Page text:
Order Is Restored
These have been anxious times, and many explanations have been offered for our angst: a poor economy, the war in Iraq, government deficits at all levels. But we have a simpler explanation of what's made us feel bad lately: New York's pizza slice-subway fare connection had been broken. But cheer up. With a recent subway fare increase, the connection is being restored.
The pizza slice-subway fare connection was first noted in 1964, when a reader pointed out to the New York Times that a slice of pizza cost precisely the same as a subway token, and that when one rose in price, the other followed. In 1964, a ride on the MTA cost 15 cents, same for a slice from a sidewalk pizzeria. Over the years, the connection held true. In the mid-1970s, both were 60 cents, a few years later, both were 85 cents, and so on, in lockstep.
But as the New Yorker magazine noted, the pizza slice had inched ahead in recent times; most slices cost $1.75 or $2 now while a ride on the IRT lagged at $1.50. "The discrepancy was troubling," the magazine added, "because it forced New Yorkers to wonder if pizza, like coffee and college, had become a ripoff."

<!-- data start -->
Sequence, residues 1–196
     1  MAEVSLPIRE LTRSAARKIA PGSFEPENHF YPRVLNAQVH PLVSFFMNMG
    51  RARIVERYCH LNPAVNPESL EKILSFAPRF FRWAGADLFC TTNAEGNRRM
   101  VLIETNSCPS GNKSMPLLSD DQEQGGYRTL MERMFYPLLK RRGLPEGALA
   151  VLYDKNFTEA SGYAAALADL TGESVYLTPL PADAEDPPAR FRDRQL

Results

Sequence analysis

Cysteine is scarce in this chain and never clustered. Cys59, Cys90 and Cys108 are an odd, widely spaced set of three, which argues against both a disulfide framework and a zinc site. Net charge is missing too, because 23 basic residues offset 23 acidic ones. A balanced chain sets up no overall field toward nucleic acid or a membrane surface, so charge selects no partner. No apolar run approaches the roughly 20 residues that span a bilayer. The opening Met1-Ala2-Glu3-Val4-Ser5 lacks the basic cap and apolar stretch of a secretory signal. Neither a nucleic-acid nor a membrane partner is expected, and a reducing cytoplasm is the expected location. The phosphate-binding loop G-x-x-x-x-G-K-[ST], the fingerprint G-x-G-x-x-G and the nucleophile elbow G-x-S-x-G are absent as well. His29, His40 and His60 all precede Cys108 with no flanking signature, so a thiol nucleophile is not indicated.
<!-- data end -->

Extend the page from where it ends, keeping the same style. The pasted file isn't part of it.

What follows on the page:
Not to worry. The Metropolitan Transit Authority has raised subway fares to $2, forging again the connection between pizza slices and subway fares and bringing the planets back into alignment. Posted 6/1/2003
Postscript: Alas, the pizza-subway connection may finally be broken. In 2014, a single ride on the subway cost $2.50 (although it's hard to be exact because, with farecards replacing tokens, discounts may apply), and in recent years some pizza shops began offering slices for as low as $1.
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